Can you analyze me now? Cell phones bring spectroscopy to the classroom (October 8, 2010) -- A chemistry professor has developed a method using a few basic, inexpensive supplies and a cell phone camera to build a spectrometer, an important analytical chemistry instrument, for high school classes. Students can see its workings and play with its components, encouraging critical-thinking and problem-solving skills. ... > full story

Family ties bind desert lizards in social groups (October 8, 2010) -- Researchers have found that a species of lizard in the Mojave Desert lives in family groups and shows patterns of social behavior more commonly associated with mammals and birds. Their investigation of the formation and stability of family groups in desert night lizards provides new insights into the evolution of cooperative behavior. ... > full story

Researchers find no visible oil sands off Florida Panhandle, Alabama beaches (October 8, 2010) -- A team of researchers studying the impact of the Deepwater Horizon oil spill on northern Gulf of Mexico beaches say areas just offshore from some of Florida's most heavily oiled beaches appear to be free of visible oil contamination in the sediments. ... > full story

Elusive intermediary: Newly discovered protein may help improve crop yields, solar cells (October 8, 2010) -- Plants use specialized protein complexes to collect the light that drives photosynthesis. Researchers in Germany have now identified a protein that is necessary for the assembly of one such complex. The discovery could lead to improved crop yields and might even form the basis for new types of solar cells. ... > full story

Too much of a good thing: Human activities overload ecosystems with nitrogen (October 8, 2010) -- Humans are overloading ecosystems with nitrogen through the burning of fossil fuels and an increase in nitrogen-producing industrial and agricultural activities, according to a new study. While nitrogen is an element that is essential to life, it is an environmental scourge at high levels. ... > full story

New tool in the fight against tuberculosis: Algorithm enables cell-scale simulations (October 8, 2010) -- Researchers have developed a way to harness prodigious quantities of genomic and metabolic data by developing an algorithm that automatically integrates both data sets. The model, called probabilistic regulation of metabolism, enables researchers to perturb a regulatory gene or metabolic process and see how that affects the entire network. Although the researchers studied tuberculosis, the method holds promise for reconstructing network models for any organism with appropriate genomic data. ... > full story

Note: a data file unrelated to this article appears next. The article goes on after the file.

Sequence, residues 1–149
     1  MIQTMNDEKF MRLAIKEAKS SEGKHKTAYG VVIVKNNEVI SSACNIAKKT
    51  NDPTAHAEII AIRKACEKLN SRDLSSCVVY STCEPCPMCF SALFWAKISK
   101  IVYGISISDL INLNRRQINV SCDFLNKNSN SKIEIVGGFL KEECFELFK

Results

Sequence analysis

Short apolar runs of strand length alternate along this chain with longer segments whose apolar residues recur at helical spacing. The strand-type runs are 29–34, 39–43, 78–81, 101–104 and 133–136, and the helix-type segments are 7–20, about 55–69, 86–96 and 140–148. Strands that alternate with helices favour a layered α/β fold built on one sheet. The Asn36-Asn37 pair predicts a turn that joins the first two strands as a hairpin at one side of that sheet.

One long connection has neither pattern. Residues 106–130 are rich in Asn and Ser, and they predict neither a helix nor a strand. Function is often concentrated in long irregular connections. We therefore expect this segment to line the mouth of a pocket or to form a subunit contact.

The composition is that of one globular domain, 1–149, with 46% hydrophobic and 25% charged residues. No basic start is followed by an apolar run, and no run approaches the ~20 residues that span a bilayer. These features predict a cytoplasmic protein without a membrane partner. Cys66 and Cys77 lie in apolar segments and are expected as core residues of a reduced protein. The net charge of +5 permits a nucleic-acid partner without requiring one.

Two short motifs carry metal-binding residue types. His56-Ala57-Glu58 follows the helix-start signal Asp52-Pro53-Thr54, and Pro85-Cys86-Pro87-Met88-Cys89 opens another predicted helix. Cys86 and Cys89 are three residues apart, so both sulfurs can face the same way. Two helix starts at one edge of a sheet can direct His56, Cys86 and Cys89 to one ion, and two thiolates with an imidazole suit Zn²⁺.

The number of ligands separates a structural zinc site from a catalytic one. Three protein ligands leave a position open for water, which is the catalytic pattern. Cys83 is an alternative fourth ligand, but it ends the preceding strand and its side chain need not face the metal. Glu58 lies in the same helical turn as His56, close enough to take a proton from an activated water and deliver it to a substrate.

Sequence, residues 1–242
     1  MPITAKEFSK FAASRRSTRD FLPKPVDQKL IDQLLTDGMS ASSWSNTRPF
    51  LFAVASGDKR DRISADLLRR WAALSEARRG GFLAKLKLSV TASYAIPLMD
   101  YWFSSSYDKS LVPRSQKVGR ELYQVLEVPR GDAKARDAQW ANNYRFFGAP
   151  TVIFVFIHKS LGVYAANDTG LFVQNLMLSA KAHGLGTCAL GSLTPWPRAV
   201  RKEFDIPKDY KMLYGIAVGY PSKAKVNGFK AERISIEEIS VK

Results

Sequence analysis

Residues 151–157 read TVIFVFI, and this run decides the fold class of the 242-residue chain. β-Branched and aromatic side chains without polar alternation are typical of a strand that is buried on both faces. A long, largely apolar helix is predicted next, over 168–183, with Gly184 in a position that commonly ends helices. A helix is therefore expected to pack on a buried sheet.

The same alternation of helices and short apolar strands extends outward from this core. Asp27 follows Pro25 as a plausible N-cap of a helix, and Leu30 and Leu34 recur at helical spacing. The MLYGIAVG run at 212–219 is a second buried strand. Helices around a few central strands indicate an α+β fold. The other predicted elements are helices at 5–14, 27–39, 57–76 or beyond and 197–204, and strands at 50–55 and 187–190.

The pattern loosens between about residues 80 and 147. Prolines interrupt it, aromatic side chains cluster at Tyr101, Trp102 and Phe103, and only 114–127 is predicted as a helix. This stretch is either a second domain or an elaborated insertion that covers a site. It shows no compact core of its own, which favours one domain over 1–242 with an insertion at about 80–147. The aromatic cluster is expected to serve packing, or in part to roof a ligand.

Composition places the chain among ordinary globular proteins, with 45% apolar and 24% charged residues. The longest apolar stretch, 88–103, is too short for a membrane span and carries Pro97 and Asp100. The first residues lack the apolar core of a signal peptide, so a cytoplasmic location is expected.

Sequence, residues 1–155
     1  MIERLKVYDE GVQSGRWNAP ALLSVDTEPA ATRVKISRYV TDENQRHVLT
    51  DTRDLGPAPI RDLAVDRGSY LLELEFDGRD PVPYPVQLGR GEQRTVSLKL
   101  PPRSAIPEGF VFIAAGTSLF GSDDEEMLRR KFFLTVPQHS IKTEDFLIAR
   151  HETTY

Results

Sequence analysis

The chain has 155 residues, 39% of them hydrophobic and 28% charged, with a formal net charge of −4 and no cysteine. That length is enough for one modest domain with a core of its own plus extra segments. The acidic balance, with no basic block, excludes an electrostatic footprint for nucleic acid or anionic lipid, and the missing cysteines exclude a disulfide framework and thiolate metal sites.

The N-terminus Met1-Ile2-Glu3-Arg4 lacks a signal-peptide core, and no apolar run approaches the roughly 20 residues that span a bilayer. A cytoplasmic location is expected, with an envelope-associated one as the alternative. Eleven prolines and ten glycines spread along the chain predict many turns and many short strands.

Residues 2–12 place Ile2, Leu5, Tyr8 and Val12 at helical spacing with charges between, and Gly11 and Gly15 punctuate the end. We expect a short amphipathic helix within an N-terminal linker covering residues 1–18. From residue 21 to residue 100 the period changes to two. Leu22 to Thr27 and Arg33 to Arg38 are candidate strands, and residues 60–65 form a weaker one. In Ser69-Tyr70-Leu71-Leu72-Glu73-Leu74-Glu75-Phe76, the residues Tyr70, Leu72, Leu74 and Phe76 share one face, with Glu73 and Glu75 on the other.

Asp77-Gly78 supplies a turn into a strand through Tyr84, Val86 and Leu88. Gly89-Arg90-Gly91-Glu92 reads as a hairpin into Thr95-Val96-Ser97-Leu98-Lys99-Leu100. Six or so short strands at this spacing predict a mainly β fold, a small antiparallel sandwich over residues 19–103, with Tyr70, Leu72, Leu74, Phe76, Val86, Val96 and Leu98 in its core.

Novel reference material to standardize gene therapy applications (October 8, 2010) -- The introduction of a new, fully characterized viral vector for use as reference material to help standardize gene therapy protocols in research applications and human clinical trials is described in a new article. ... > full story

Structure of plastic solar cells impedes their efficiency (October 8, 2010) -- Scientists have found that the low rate of energy conversion in all-polymer solar-cell technology is caused by the structure of the solar cells themselves. ... > full story

Virtual research institute needed to unlock RNA’s promise, say scientists (October 8, 2010) -- A Europe-wide network of labs focusing on RNA research is needed to make the most of RNA's high potential for treating a wide range of diseases. The recommendation for this virtual research institute comes from a panel of biologists at the European Science Foundation in a new report. ... > full story

Shift work and cancer: Evidence and research challenges (October 8, 2010) -- Shift work can cause cancer, recent studies suggest. In a new review article, researchers describe the current state of knowledge in this area and point out the challenges lying ahead. ... > full story

Volcanoes wiped out Neanderthals, new study suggests (October 7, 2010) -- New research suggests that climate change following massive volcanic eruptions drove Neanderthals to extinction and cleared the way for modern humans to thrive in Europe and Asia. ... > full story

Bacteria to blame in asthma attacks in children, research suggests (October 7, 2010) -- Doctors have long known that viral infections can bring about asthma attacks and the shortness of breath, coughing, and wheezing associated with them. But while viral infections cannot be treated, scientists have discovered that treatable bacterial infections can also cause asthma attacks. The discovery could revolutionize treatment. ... > full story

Research identifies the herbal supplements that are effective in treating anxiety (October 7, 2010) -- A systematic review of research into the use of nutritional supplements for the treatment of anxiety disorders has found strong evidence for the use of extracts of passionflower or kava and combinations of L-lysine and L-arginine. Researcherspooled the results of 24 studies involving a total of more than 2000 participants, showing that some nutritional and herbal supplements can be effective, without the risk of serious side effects. ... > full story